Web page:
Garcia’s options at welterweight are many.  In addition to Manny and Floyd, there is the latest streaking standout at 147 making quite a bit of noise, Errol Spence. 

“I can’t even look that far for a Spence fight,” Garcia said.  “I’m booked for a year.  So, I can’t do no gigs.  I’m booked.”

And Mayweather? 

“I think he’s coming back,” Garcia said.  “When you’ve been fighting your whole life and you get 50 million a fight, you coming back.” 

Most expected Floyd to be back already, but recent rumors of his return to the gym have fueled speculation of his immediate future. 

“I think it’s a great match up,” Garcia said.  “A Philly kid versus a Michigan kid.  We’re just talking (here), but it would be epic, legendary.  A lot of money too.” 

Serving as a further distraction, this homecoming fight has been rolled up with a food drive campaign with Philabundance, an area non-profit food bank.  The charity effort will help Garcia give back to the community – and also help promote the fight. 

A young champion like Danny is always pulled in many directions at home.  The lead-up to this fight is no exception. 

“Not only did I want to give my fans in Philly a fight, I wanted to give back to the community and give back to the people who need it,” Garcia said.  “As long as we’re giving back, I’m happy.  It’s important to me.  That’s what it’s all about.  I’m from this city and I know how hard it is.  So, to make a difference is very important to me.  I know this will make an impact.  The holiday season is coming up.  Thanksgiving is coming up.  Christmas is coming up.  I know when I was a kid, I wish someone would give me something.  So, I know it’s definitely going to make a difference.” 

Last year, Garcia became a parent for the first time.  However instead of being a distraction, Garcia feels that his young daughter is helping him to focus. 

“I’m not going to lie, at first I was kind of scared,” Garcia said of fatherhood.  “Having a baby, I hoped that she wouldn’t make me feel like I had everything (already).  Like, I don’t need anything else.  But it motivated me to train harder to do better for her and secure her future.” 

That focus will be the key against Vargas.  The Canadian is trained by Philadelphian Billy Briscoe, an old-school trainer who knows Garcia well – and vice versa.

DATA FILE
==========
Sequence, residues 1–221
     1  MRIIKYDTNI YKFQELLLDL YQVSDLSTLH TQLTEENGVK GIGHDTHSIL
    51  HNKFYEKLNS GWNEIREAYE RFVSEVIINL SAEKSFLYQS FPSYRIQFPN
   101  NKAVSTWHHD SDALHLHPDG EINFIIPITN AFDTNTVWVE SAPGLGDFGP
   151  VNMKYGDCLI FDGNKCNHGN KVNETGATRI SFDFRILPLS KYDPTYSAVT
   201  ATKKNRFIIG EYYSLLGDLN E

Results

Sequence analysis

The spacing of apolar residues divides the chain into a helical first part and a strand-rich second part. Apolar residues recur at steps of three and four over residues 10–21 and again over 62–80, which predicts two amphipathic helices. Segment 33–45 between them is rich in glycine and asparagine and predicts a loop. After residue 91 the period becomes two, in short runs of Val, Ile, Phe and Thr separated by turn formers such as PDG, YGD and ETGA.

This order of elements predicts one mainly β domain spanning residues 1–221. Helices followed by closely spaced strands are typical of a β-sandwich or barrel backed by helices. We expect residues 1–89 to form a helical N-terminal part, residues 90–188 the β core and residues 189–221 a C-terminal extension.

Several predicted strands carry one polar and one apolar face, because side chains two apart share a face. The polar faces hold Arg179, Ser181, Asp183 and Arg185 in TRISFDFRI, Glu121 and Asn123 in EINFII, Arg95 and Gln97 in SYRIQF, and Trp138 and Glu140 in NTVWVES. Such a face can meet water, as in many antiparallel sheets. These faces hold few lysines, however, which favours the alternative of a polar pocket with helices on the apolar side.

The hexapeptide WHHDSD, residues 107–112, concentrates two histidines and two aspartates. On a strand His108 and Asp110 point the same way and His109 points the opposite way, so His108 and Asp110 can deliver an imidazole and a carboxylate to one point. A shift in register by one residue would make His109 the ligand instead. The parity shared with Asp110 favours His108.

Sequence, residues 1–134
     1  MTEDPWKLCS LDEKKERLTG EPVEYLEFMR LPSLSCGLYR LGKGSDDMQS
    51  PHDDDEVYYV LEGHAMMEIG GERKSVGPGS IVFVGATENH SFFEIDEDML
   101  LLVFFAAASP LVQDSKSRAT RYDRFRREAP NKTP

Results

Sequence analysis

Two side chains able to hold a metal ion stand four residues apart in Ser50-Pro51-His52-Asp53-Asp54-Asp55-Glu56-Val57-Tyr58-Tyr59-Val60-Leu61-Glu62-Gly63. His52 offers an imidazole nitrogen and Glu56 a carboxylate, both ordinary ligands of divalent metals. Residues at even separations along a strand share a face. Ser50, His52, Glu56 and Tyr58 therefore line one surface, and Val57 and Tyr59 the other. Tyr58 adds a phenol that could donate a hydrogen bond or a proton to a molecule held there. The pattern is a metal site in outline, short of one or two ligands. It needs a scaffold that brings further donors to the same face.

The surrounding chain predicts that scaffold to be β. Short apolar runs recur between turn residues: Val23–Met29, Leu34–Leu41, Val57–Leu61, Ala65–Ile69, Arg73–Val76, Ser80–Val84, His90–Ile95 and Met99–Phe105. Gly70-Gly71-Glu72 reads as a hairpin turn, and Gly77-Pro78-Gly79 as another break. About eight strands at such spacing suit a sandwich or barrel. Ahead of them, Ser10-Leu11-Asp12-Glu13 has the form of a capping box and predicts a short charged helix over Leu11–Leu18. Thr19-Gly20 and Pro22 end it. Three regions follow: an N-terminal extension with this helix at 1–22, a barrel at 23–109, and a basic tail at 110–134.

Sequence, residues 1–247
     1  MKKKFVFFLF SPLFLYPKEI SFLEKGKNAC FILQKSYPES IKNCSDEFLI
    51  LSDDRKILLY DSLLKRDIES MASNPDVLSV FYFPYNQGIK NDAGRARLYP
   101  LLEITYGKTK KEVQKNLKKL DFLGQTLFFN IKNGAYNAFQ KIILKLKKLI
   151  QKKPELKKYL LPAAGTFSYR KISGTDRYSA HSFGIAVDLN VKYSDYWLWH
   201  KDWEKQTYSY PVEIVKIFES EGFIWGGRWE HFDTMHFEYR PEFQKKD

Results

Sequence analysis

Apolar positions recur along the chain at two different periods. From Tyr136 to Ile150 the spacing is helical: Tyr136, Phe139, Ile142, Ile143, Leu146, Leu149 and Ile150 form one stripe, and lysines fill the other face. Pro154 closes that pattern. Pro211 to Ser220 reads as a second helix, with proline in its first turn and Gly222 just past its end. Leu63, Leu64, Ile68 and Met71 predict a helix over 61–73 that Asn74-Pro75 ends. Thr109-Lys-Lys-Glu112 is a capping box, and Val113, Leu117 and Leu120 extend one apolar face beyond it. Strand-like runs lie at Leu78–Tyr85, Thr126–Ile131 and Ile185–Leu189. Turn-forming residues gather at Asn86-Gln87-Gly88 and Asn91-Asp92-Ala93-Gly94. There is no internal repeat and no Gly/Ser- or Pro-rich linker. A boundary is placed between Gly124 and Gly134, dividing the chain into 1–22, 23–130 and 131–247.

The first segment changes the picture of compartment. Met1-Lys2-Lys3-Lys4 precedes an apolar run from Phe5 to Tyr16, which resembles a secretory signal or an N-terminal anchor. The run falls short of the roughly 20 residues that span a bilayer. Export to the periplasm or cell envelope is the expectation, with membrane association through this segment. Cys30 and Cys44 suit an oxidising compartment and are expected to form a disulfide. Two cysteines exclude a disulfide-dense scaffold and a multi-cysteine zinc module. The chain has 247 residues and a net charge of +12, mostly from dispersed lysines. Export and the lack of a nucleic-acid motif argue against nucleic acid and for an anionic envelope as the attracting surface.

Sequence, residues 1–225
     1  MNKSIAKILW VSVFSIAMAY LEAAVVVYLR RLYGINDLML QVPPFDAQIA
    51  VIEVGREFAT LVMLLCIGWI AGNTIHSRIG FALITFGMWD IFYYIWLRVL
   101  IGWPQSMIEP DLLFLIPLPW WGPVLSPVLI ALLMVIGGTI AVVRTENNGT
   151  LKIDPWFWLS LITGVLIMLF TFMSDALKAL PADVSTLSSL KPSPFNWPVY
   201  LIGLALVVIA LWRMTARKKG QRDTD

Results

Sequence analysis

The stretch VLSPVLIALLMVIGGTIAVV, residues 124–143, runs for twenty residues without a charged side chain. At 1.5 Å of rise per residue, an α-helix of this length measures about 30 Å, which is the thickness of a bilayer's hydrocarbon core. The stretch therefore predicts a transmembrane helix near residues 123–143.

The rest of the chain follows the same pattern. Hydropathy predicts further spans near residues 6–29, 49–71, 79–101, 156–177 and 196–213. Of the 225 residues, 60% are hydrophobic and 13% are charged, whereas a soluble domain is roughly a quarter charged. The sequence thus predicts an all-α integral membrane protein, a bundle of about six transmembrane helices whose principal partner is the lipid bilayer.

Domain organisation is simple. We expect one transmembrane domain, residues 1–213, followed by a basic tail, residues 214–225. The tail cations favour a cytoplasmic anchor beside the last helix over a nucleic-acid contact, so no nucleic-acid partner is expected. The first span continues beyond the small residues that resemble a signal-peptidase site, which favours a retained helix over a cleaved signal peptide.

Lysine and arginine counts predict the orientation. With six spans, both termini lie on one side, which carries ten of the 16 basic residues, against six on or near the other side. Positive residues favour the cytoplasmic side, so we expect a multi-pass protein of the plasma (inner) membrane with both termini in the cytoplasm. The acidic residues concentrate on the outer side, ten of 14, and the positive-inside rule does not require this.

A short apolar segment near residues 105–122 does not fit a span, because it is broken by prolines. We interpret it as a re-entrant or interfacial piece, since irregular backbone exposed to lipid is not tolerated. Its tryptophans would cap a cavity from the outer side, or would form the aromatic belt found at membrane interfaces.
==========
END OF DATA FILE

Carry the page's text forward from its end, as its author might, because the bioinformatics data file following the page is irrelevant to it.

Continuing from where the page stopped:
“I know Billy’s tricks,” Garcia said about his old friend and new rival.  “He should have never told me them, but I know them (laughs).  Billy is a good guy, and I know the type of trainer that he is.  But at the end of the day, it’s different when you’re in there with me.” 

Garcia has felt some heat from the fans, who are uninspired by this non-title fight, but fully focused on Danny’s next one. 

“I know a lot of fans get upset quick in the sport of boxing,” Garcia said about his fickle fans.  “Sometimes they want it faster than… it’s just not that simple.  One thing I learned about boxing is that everything gets made in time.  All the fights are going to happen, but a lot of fans get disappointed because they don’t happen right away.  But it’s not that simple.  It’s like, you want a raise at your job, but you’re not going to get it right away.  You got to wait, you got to prove yourself.  Sometimes you got to let things build up, and that’s what it’s all about.” 

So one more fight before the big one. 

This is my third fight at welterweight.  I had a good year to build myself into the division.  That’s why now we want to take on the best.  I already knew it (Thurman fight) was going to happen, but I couldn’t say anything.  I’ll let the fans do what they do.  I knew, at the end of the day, that once they saw the bigger picture, everything would be alright.  But I still can’t overlook nobody.  This is boxing.  I’ve seen some crazy shit happen in this sport.” 




John DiSanto - Philadelphia - November 07, 2016